Outpatient Management of Acute Pulmonary Embolism

This month, JC will be looking at evidence regarding the outpatient management of select patients with an ED diagnosis of pulmonary embolism. Does this mean that we are going to have our shortest JC ever, since a straw poll of most ED clinicians would suggest that no one should go home? Maybe not. One of the problems with the diagnosis of PE is the problem of over diagnosis. Too many D-dimers and CTA’s, and not enough adherence to broadly validated decision rules such as PERC & Wells. Interestingly, since the advent of high resolution CT angiography, the incidence of PE has gone up 80%. A study by Weiner et al. suggests that the “combination of large increase in incidence, reduced case fatality (in-hospital deaths among people with a diagnosis of pulmonary embolism), and a minimal decrease in mortality (deaths from pulmonary embolism in the population) suggests that many of the extra emboli being detected are not clinically important.” We will review articles that consider the question of outpatient management of PE and review the Pulmonary Embolism Severity Index (PESI) and the Hestia study criteria for ED discharge of patients with PE. Should make for an interesting discussion.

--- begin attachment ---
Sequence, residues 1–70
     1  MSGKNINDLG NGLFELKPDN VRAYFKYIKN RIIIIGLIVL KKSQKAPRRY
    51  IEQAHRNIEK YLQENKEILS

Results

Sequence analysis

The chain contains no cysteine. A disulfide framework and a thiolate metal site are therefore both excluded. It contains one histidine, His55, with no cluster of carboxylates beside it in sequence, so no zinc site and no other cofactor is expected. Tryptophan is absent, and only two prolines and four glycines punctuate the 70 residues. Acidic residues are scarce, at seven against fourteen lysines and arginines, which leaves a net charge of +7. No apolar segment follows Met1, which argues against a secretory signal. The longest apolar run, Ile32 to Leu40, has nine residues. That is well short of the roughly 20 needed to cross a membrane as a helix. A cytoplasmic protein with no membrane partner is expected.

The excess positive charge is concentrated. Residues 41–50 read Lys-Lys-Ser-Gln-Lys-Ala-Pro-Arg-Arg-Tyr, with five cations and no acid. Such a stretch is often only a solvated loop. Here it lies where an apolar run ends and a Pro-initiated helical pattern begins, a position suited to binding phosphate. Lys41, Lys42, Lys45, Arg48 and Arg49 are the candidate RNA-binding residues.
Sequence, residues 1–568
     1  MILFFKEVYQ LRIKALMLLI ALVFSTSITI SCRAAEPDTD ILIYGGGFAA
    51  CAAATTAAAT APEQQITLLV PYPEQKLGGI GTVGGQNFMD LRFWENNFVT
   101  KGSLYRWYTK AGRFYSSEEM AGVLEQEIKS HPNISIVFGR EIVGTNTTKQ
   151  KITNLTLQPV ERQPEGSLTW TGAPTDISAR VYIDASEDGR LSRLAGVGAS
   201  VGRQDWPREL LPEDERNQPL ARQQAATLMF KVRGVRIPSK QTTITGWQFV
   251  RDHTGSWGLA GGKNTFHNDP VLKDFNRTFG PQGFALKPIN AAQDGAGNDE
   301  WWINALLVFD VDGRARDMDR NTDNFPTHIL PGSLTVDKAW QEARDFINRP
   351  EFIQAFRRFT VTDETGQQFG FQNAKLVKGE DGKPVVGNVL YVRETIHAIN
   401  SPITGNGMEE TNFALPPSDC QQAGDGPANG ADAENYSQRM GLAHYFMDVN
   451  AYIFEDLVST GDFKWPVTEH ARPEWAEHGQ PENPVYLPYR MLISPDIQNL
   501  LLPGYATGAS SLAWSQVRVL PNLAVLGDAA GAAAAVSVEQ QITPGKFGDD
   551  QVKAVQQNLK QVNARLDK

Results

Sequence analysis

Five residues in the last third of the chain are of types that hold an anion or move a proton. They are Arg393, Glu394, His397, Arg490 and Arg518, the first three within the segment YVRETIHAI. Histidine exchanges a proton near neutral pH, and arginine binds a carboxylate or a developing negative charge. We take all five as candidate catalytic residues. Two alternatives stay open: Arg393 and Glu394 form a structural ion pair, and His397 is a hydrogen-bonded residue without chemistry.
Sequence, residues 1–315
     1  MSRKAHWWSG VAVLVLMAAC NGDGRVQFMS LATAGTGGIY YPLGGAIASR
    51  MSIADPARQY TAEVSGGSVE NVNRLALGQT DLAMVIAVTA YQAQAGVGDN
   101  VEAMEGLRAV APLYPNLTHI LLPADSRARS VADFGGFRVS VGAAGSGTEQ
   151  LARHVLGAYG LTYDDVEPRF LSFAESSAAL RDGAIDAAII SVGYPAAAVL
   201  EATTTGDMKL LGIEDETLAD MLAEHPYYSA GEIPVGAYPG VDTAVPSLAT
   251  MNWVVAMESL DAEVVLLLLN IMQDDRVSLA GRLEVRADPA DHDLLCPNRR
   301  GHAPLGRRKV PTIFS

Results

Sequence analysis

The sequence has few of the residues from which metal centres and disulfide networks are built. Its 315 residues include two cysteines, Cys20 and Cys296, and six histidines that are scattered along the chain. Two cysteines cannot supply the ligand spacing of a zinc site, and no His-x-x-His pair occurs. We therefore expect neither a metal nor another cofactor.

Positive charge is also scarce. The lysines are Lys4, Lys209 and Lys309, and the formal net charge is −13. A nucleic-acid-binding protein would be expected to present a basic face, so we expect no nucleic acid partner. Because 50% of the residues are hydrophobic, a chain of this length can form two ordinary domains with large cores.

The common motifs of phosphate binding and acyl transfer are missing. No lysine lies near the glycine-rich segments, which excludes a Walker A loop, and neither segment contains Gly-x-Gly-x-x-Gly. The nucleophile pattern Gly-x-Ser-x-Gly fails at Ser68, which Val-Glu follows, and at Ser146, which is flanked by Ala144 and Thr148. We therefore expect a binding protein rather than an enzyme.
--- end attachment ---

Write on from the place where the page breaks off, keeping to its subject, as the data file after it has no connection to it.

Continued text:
Treatment of pulmonary embolism with rivaroxaban: outcomes by simplified Pulmonary Embolism Severity Index score from a post hoc analysis of the EINSTEIN PE study. Acad Emerg Med. 2015 Mar;22(3):299-307 Article Appraisal

 Outpatient treatment in patients with acute pulmonary embolism: the Hestia Study, J Thromb, 2011; 9(8):1500-1507. Article Appraisal

Outpatient versus inpatient treatment for patients with acute pulmonary embolism: an international, open-label randomised, non-inferiority trial, Lancet 2011; 378 (9785): 41-48. Article Appraisal